Forum for Science, Industry and Business

Sponsored by:     3M 
Search our Site:


1 million more children living in poverty since 2009, new census data released today shows

South hardest hit by child poverty increase

Between 2009 and 2010, one million more children in America joined the ranks of those living in poverty, bringing the total to an estimated 15.7 million poor children in 2010, an increase of 2.6 million since the recession began in 2007, according to researchers from the Carsey Institute at the University of New Hampshire.

Furthermore, the authors estimate that nearly 1 in 4 young children -- those under age 6 -- now live in poverty. "It is important to understand young child poverty specifically, as children who are poor before age 6 have been shown to experience educational deficits, and health problems, with effects that span the life course," the researchers said.

To evaluate the number of children now living in poverty, researchers focused on two time periods -- change since 2007, as the nation entered the recession, and change since 2009, as the recession was ending. They also looked at young children -- children under 6 years old -- living in poverty as well as national poverty rates for all children under 18.

Nationally, the number of all children living in poverty increased from 14.7 million in 2009 to 15.7 million in 2010. In 2007, 13.1 million children were living in poverty nationally.

Since 2007, 38 states have seen a significant increase in child poverty. Mississippi has the highest percentage of children living in poverty at 32.5 percent, followed by the District of Columbia (30.4 percent) and New Mexico (30 percent). New Hampshire has the lowest percentage of children living in poverty (10 percent), followed by Connecticut (12.8 percent) and Alaska (12.9 percent).

Overall, the South has the highest rates of child poverty at an estimated 24.2 percent, and the Northeast has the lowest rates at an estimated 17.8 percent. In addition, 28.7 percent of children in urban areas and 25.4 percent of children in rural places now live in poverty, significantly higher than the 16.1 percent in suburban areas.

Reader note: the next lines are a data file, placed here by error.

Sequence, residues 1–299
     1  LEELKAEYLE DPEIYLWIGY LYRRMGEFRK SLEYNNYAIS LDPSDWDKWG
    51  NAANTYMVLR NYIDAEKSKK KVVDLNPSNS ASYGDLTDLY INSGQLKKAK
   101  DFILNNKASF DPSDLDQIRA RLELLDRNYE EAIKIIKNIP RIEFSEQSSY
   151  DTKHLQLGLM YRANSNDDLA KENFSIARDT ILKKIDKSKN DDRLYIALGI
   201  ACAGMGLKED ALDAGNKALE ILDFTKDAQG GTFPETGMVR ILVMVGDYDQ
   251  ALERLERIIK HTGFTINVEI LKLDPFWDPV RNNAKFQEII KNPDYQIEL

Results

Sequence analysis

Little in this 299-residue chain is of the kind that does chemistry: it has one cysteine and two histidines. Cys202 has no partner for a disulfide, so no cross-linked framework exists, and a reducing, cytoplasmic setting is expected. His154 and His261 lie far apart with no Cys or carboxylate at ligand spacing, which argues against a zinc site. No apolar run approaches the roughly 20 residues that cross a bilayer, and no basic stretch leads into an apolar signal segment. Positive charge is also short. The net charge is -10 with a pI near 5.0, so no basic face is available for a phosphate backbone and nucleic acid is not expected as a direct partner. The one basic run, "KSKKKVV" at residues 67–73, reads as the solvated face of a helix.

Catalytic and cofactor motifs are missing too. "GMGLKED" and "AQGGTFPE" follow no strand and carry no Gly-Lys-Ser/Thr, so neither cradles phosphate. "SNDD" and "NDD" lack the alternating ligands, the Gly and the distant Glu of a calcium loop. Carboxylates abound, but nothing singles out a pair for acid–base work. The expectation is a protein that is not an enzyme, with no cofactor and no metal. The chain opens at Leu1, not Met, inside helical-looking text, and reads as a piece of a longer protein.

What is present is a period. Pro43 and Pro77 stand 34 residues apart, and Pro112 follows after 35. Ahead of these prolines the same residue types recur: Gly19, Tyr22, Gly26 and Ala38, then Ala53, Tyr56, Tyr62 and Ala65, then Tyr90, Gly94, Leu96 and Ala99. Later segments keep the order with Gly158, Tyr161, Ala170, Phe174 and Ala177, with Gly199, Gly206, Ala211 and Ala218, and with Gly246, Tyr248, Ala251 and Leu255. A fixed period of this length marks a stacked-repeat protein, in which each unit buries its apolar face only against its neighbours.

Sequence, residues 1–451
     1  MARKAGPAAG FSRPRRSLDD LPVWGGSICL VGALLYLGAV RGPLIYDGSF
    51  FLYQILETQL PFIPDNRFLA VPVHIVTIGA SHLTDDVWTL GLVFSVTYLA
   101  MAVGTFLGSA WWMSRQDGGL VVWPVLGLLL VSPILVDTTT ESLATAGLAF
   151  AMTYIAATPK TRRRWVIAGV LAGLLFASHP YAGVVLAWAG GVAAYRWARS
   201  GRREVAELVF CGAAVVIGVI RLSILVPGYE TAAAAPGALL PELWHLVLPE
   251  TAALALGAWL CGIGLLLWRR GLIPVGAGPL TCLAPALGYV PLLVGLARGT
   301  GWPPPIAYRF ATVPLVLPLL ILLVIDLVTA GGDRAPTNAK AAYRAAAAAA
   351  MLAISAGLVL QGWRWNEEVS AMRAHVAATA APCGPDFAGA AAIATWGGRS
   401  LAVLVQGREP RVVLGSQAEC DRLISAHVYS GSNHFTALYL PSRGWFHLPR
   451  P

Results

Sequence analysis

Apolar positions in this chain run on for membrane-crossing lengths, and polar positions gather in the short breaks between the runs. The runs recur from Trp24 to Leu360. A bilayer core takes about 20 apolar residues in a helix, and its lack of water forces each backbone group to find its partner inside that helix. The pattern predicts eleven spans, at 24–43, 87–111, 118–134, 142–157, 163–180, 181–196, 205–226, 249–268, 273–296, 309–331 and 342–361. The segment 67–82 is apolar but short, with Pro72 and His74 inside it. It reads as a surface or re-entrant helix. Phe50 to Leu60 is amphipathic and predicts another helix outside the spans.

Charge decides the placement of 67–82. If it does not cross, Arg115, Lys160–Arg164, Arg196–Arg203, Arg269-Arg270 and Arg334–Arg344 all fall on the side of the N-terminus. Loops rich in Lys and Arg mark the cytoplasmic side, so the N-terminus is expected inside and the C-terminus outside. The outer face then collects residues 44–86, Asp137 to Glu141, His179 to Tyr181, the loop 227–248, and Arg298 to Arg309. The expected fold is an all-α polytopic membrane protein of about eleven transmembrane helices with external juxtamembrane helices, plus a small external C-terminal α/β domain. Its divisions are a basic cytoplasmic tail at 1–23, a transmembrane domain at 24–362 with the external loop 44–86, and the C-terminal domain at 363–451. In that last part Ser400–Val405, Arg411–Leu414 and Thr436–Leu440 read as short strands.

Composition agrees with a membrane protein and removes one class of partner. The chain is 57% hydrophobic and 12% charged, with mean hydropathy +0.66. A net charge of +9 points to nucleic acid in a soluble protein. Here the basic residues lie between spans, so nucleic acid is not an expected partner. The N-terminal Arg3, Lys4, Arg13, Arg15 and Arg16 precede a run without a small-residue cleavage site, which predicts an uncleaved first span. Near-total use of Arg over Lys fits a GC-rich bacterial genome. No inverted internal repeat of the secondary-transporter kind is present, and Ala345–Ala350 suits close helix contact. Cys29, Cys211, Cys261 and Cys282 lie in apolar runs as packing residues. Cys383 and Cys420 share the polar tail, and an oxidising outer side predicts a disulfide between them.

Nationally, the number of young children, those under 6 years old, living in poverty increased from 5.7 million in 2009 to 5.9 million in 2010, with 24.8 percent of young children now poor. In the South, 27.9 percent of young children live in poverty, followed by 24.1 percent in the Midwest, 23.4 percent in the West, and 20.6 percent in the Northeast.

Young children living in the rural South have been the hardest hit, with more than 1 in 3 of the region's rural young children now living in poverty. "Rural poverty is particularly striking in this region, where nearly 36 percent of children under age 6 were poor," the researchers said.

The research was conducted by Jessica Bean, vulnerable families research associate at the Carsey Institute; Beth Mattingly, director of research on vulnerable families at the Carsey Institute and research assistant professor of sociology at UNH; and Andrew Schaefer, a doctoral student in sociology at UNH and research assistant at the Carsey Institute.

This analysis is based upon U.S. Census Bureau estimates from the 2007, 2009, and 2010 American Community Survey. For more details or information, please refer to the U.S. Census American Community Survey. The complete Carsey Institute report about this research is available at

The Carsey Institute conducts policy research on vulnerable children, youth, and families and on sustainable community development. The institute gives policy makers and practitioners the timely, independent resources they need to effect change in their communities. For more information about the Carsey Institute, go to

The University of New Hampshire, founded in 1866, is a world-class public research university with the feel of a New England liberal arts college. A land, sea, and space-grant university, UNH is the state's flagship public institution, enrolling 12,200 undergraduate and 2,300 graduate students.